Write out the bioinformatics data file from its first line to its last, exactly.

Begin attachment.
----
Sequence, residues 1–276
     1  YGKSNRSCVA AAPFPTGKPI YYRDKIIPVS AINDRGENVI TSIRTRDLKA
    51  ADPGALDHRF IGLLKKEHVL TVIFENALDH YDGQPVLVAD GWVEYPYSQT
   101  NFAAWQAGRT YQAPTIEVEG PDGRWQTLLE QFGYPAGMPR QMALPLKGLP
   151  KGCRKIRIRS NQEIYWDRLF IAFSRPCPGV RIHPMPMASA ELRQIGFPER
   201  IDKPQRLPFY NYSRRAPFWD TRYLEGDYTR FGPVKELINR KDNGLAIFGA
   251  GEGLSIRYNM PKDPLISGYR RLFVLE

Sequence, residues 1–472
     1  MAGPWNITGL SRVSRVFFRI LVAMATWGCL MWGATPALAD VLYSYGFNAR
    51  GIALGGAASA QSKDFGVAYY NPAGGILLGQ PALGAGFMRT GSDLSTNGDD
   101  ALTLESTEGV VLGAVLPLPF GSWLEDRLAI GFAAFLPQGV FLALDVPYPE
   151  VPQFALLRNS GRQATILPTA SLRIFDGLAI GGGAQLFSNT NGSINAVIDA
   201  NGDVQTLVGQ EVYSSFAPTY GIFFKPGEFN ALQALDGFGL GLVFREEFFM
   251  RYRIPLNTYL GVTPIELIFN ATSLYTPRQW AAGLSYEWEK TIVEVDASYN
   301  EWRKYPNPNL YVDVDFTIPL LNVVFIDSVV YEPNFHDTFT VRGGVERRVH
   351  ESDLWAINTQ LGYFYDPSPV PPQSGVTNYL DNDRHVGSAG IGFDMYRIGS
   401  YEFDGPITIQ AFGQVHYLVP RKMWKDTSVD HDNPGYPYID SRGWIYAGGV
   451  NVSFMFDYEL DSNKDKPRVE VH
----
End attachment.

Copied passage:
Sequence, residues 1–276
     1  YGKSNRSCVA AAPFPTGKPI YYRDKIIPVS AINDRGENVI TSIRTRDLKA
    51  ADPGALDHRF IGLLKKEHVL TVIFENALDH YDGQPVLVAD GWVEYPYSQT
   101  NFAAWQAGRT YQAPTIEVEG PDGRWQTLLE QFGYPAGMPR QMALPLKGLP
   151  KGCRKIRIRS NQEIYWDRLF IAFSRPCPGV RIHPMPMASA ELRQIGFPER
   201  IDKPQRLPFY NYSRRAPFWD TRYLEGDYTR FGPVKELINR KDNGLAIFGA
   251  GEGLSIRYNM PKDPLISGYR RLFVLE

Sequence, residues 1–472
     1  MAGPWNITGL SRVSRVFFRI LVAMATWGCL MWGATPALAD VLYSYGFNAR
    51  GIALGGAASA QSKDFGVAYY NPAGGILLGQ PALGAGFMRT GSDLSTNGDD
   101  ALTLESTEGV VLGAVLPLPF GSWLEDRLAI GFAAFLPQGV FLALDVPYPE
   151  VPQFALLRNS GRQATILPTA SLRIFDGLAI GGGAQLFSNT NGSINAVIDA
   201  NGDVQTLVGQ EVYSSFAPTY GIFFKPGEFN ALQALDGFGL GLVFREEFFM
   251  RYRIPLNTYL GVTPIELIFN ATSLYTPRQW AAGLSYEWEK TIVEVDASYN
   301  EWRKYPNPNL YVDVDFTIPL LNVVFIDSVV YEPNFHDTFT VRGGVERRVH
   351  ESDLWAINTQ LGYFYDPSPV PPQSGVTNYL DNDRHVGSAG IGFDMYRIGS
   401  YEFDGPITIQ AFGQVHYLVP RKMWKDTSVD HDNPGYPYID SRGWIYAGGV
   451  NVSFMFDYEL DSNKDKPRVE VH